As an author who also happens to have a technological background, writing this series of Select SQL Tutorial articles was an enjoyable experience. My intention while writing these articles was simple: to make an absolute beginner – enjoy the power and simplicity of the SQL language fully without overburdening the reader with other things.
The answer to “How far have I succeeded in my objective?” is best left to the readers of the articles. Unlike many other programming languages, I believe basic SQL can be most easily learnt. The SELECT clause is the only command you need to know the extract and format data from just about any supported database.
This Select SQL Tutorial series is divided into the following articles:
1) Introduction to Relational Databases: Provides a contextual overview of the technical terms in database jargon.
2) Introduction to the Select Clause: The SELECT clause in SQL is officially introduced. Its syntax and other little details are shown as well. The ORDER BY clause is introduced as well.
3) SELECTING CONDITIONALLY: The WHERE clause and the logical and mathematical operators are introduced.
4) SELECTING CONDITIONALLY PART – 2: The BETWEEN and IN operators are introduced.
5) SELECTING CONDITIONALLY PART – 3 – text columns: Here is where textual comparison in SQL is delved into in detail. The LIKE clause and computed columns are introduced as well.
6) SELECTING CONDITIONALLY PART – 4 – functions: A brief look at some of the statistical functions in SQL namely MAX, MIN, AVG, SUM, COUNT etc. The use of the DISTINCT operator is explained.
7) SELECTING CONDITIONALLY PART – 5: The concept of grouping in SQL and the use of the GROUP BY clause. A special sub section on the use of the NULL keyword in SQL is also made available.
8) SELECTING CONDITIONALLY PART – 6.1: Primary keys and table joins as well as their practical implications and importance is highlighted in this article.
9) SELECTING CONDITIONALLY PART – 6.2: The leftovers that I felt should be included, are described here. Basically provides an overview of good table design principles as well as a brief overview of the UNION, INTERSECT and MINUS operators.
These articles on SQL Tutorial basically sum up just about everything a layperson needs to extract data from SQL based databases in anyway he/she desires. If after reading all these articles, the reader decides that he/she should learn even more about the SQL language. That thought alone will be enough for me to consider my article series as “successful”.
I won’t claim mine to be the best tutorial series out there. This judgment is subjective and will vary from person to person. I have however found the following to be good/bad/completely avoidable sources of information. The target audience might not be beginners and some of them are created with programmers in mind. I have included the bad as well since many of these sites might show up search pages and some of them aren’t as good as you would expect them to be.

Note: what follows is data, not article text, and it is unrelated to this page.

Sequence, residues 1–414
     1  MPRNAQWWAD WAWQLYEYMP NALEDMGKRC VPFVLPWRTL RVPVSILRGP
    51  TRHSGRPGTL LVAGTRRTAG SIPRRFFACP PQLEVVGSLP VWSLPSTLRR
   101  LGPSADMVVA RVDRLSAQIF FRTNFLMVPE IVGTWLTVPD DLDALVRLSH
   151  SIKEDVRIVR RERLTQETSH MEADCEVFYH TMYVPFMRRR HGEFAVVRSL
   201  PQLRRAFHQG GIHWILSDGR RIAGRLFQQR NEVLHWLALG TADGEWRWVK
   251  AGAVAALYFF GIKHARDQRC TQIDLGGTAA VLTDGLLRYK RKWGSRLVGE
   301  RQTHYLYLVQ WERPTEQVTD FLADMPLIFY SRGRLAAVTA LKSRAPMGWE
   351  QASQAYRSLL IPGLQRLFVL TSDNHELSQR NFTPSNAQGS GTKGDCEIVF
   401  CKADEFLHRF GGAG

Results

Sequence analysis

1) W3Schools: Provides examples for various other languages as well. Aimed at a programmer level reader. Descriptions are short, but to the point and well written.
2) SQL Tutorials: The name itself is enough I think. A good read for a programmer, but a nightmare for a beginner. The intro section isn’t accessible at all. This site is basically an unstructured collection of blog posts. Beginners should avoid it (I think most people would avoid this one).
3) 1Keydata: Well, this one is better structured and is a good read for beginners as well. The concepts are explained in an easy way. It is also more detailed when compared to my series. If you have read my series I think you should have no problem in understanding what is written here.
4) SQLCourse: Another site like 3 above. Though its homepage claims also to teach MS SQL, MySQL etc, these are just links to display more ads. Having said that, this is a good SQL resource just like 1Keydata.
6) FirstSQL: Another good resource that focuses on SQL itself. Nothing else. A clean formatted site that is light to load as well and at the time of writing, displays no ads at all.
Well that sums up most of the sites I sometimes refer too. Basically, Tizag and W3Schools are the ones I would recommend. The rest are just okay.
Having said all of these, the best way to learn any language is to practice it yourself. All of us learn by making mistakes and you won’t make mistakes until you practice. To practice SQL, I would also recommend the use of the free version of the MySQL client from here.